Working Papers
  • Creating Value Through Network Of Women Subsistence Entrepreneurs: Learning From Rudi Initiative Of Self Employed Women’s Association (SEWA) In Gujarat
  • Author : Preeti Priya and Ila Patel
  • July - 2016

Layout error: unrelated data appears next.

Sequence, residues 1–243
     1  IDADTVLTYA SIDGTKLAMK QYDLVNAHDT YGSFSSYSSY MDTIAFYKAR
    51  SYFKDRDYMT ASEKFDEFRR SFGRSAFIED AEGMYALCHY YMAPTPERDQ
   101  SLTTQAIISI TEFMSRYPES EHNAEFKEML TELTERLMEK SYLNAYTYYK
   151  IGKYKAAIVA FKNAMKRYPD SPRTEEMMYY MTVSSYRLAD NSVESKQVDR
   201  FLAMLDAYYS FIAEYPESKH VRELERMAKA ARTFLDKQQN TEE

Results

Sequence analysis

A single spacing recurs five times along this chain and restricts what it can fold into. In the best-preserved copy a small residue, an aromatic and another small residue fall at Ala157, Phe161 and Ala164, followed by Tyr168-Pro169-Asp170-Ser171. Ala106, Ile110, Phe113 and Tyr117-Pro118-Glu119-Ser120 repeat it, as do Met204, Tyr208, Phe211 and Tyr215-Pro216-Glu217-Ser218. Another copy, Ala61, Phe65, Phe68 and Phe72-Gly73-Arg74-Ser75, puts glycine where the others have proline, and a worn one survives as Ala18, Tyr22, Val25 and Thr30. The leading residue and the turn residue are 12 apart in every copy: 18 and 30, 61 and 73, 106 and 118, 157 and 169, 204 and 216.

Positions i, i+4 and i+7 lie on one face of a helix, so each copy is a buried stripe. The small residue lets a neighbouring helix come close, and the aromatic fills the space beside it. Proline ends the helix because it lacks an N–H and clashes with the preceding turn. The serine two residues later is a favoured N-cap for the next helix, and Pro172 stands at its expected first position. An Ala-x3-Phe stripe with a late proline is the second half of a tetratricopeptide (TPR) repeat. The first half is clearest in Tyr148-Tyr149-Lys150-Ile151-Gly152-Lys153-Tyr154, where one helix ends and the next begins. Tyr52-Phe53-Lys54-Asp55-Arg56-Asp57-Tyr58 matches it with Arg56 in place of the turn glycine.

Subsistence marketplace literature views consumption and entrepreneurship as inseparable marketplace activities and argues for a viewpoint grounded in the "bottom-up" approach of wealth creation. Research has, however, focussed predominantly on how the private sector can contribute to poverty reduction and ignored innovative approaches of NGOs linking poor producers to mainstream markets and deploying market dynamics to achieve development objectives. This paper presents the case study of an innovative approach embraced by the Self Employed Women‟s Association (SEWA), a leading developmental NGO in Gujarat, devoted to promoting a network of women subsistence entrepreneurs known as RUDIbens. The latter, mainly hailing from low-income families, have created value not only for their customers but also for the larger rural community. RUDIbens, being direct marketing agents of the RUDI Multi Trading Company Limited (RMTCL), are primarily engaged in the distribution of value-added packaged agricultural produce to rural markets in Gujarat. The study is based on primary data collected from 102 entrepreneurs across four RMTCL business units in Gujarat. We examine this unique business-driven model, which addresses the macro-marketing concerns of developing a pro-poor marketing system through micro-marketing strategies of responding to the unmet needs of subsistence consumers. Our work has two objectives. The first is to identify the role of social capital in driving the marketing performance of a decentralised marketing system in subsistence marketplaces. The second, equally important, is to explore the nature and characteristics of economic, social, and psychological empowerment of women subsistence entrepreneurs. An analysis of this unique approach towards developing subsistence marketplaces brings to the surface enablers such as „market-oriented institutional design‟, „existing bonding social capital between people in the community‟, and „the bridging social capital provided by the promoting organisation to link the disparate social networks‟. Our qualitative exploration of RUDIbens provides ample evidence of their empowerment as an outcome of being part of SEWA‟s RUDI initiative. Building on the gleanings of the case study we argue that a decentralised marketing system focussing on linking producers and consumers within the same context could effectively lead to a sustainable marketing system in subsistence marketplaces.

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